It would be easy to be dismissive of the talent prior to a screening of this documentary as know-it-all, self-indulgent, selfish little devils and madams sporting more make-up than an "Olay" factory but that would be ill-advised. The children followed are surprisingly well- developed and philosophical about their journeys and perhaps give a greater feel of world- weariness than we are used to viewing in children, making it all the more compelling. Each bring a differing approach to the contest and each give a bit to the audience in return. Giorgos, the 11 year old Cypriot with an English accent that wouldn't be out of place in Kensington has been the recipient of taunts that he's homosexual down to his singing and lack of interest in all things football. The way he retells his tale and skulks around the school quietly singing while addressing the camera, wary of onlookers, is a heart warming and saddening affair, how someone with undoubted talent and had won his countries regional selection process, could still be so ill-treated. His philosophy, admirably, is to not pay attention and perhaps one day thank them for their jeering as a means of inspiring him to follow his dream. On the other end of the spectrum are "Trüst", the Belgian entrants that pip the very first child interviewed into the finals, who have an almost worryingly laissez faire attitude to the competition but mask a greater appreciation of the competition. While they may come across to many as "dotish", their drummers' statement that "it doesn't matter where we finish so long as we play well...if we don't play well it could kill our music career" highlights an understanding of the music worlds workings and above all a determination that could go otherwise missed. Accompanying them are Marina from Bulgaria, a member of seven piece "Bon-Bon" that hopes her father may be watching and return to his abandoned family if she puts in a performance to remind him that he's "left something good behind"; Mari from Georgia who believes, and is right to do so, that a stellar turn out of her traditional folk-dance mash up, will catapult her country into having a greater say in European affairs; and a whole host of nonsensical acts involving bright orange jackets, worryingly under-dressed "librarians" and an act solely based on the premise of "My Big Fat Greek Wedding"...no prizes in guessing their nationality.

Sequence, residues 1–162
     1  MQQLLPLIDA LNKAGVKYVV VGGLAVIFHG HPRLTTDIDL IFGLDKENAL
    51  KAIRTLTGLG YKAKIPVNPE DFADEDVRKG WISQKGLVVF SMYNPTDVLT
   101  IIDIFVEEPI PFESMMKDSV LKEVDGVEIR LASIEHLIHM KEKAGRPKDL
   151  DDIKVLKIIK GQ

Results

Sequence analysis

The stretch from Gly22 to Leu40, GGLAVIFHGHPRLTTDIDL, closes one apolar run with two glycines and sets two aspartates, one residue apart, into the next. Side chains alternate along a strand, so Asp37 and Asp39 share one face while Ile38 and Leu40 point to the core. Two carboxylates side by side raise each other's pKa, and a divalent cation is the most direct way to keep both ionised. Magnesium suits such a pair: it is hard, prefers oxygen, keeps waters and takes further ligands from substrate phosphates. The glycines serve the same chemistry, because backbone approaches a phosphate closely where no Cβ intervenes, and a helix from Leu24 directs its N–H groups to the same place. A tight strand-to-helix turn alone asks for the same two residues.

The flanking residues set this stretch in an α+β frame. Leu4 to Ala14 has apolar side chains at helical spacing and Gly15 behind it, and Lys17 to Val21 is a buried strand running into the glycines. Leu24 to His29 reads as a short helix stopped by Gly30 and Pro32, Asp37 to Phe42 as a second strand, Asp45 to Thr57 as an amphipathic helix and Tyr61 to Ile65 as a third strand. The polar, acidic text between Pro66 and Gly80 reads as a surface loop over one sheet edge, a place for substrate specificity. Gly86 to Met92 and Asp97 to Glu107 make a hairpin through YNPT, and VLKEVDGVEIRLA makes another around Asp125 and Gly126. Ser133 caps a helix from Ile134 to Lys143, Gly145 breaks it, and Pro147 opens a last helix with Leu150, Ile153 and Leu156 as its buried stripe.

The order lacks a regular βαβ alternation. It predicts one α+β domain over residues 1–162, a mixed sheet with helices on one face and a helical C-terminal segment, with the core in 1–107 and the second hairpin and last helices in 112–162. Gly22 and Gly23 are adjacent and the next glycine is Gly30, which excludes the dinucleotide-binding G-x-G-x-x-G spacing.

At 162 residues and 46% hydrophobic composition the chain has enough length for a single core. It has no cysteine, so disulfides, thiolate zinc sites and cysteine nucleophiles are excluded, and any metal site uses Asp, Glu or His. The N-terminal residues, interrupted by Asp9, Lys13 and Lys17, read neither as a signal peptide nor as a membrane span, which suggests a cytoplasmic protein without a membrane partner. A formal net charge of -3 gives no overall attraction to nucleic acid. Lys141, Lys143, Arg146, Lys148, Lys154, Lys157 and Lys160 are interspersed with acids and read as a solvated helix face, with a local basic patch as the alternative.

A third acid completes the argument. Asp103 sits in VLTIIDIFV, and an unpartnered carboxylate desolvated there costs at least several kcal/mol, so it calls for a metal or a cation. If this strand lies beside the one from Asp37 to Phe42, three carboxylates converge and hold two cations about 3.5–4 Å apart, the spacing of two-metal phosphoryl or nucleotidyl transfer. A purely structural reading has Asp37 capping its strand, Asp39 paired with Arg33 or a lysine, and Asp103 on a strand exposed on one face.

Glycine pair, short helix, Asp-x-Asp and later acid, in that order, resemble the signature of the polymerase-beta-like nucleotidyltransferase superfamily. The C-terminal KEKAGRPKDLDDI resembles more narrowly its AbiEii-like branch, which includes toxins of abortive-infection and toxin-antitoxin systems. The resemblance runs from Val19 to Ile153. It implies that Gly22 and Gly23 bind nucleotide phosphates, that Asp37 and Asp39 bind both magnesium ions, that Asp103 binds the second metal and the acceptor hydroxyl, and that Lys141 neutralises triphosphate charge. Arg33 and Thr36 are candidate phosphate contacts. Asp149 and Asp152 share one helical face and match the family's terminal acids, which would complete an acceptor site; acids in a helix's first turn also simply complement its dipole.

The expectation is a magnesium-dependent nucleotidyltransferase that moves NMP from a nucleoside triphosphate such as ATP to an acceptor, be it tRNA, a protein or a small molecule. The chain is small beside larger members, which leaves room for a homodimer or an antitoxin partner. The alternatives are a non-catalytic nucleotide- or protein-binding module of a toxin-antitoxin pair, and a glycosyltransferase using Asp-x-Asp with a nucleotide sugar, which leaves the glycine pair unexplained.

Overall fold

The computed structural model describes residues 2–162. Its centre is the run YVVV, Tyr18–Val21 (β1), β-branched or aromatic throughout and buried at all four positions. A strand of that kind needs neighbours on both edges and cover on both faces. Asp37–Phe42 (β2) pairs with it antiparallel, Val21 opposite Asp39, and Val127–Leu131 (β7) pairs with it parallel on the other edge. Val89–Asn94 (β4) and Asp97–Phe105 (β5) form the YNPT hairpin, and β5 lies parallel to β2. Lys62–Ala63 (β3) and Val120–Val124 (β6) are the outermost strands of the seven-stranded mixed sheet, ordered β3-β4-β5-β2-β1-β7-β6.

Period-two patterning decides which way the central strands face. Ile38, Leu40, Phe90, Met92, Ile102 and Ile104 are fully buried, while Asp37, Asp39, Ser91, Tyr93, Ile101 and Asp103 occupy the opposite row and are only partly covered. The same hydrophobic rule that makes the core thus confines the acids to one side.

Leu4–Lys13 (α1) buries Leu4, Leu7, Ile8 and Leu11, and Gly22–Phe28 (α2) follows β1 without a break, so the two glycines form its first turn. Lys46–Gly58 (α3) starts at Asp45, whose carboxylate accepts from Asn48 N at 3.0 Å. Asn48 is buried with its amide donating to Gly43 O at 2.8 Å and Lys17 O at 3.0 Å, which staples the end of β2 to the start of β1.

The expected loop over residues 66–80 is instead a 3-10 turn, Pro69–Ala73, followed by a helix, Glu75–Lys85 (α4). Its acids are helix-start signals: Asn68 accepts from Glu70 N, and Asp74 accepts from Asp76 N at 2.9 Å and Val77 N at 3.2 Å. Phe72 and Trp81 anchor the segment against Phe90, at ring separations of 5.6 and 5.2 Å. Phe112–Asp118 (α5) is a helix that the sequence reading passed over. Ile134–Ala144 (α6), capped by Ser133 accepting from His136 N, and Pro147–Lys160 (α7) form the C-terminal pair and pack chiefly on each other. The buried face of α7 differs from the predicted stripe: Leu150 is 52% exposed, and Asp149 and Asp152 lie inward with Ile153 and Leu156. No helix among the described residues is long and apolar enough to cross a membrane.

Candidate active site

There are many references through this "popumentary" to the history of the European people and the continual battles and battlefields that we have found ourselves engaging in over the countless centuries. From the Crusades through to the Crimean there has been a history of warfare which Johnson now believes has manifested itself in the forms of the respective Eurovision competitions, noting light heartedly that there have been no European wars since the introduction of the "kids" event. While his comments are somewhat tongue-in-cheek there is an element of seriousness to his claim and perhaps leads itself into a serious commentary on current European politics and social-interaction than the mere quip would entail. Regardless, of the intent, "Sounds Like Teen Spirit" will warm even the most anti-miniature flag wavers' heart by showing these children as simply that, and not as shrunken prima donna's inflating their own sense of self importance. It is a skillfully crafted piece of cinema that manages to turn the oddest subject matter into a meaningful voyage of entertainment and self discovery. As Giorgos states in the last moments "I have had such a fun time here, but now I think someone else should have that fun" proving that many here are wise beyond their years. These truly are "Rock N Roll Kids".
5 of 8 people found this review helpful.
Was this review helpful to you?
| Report this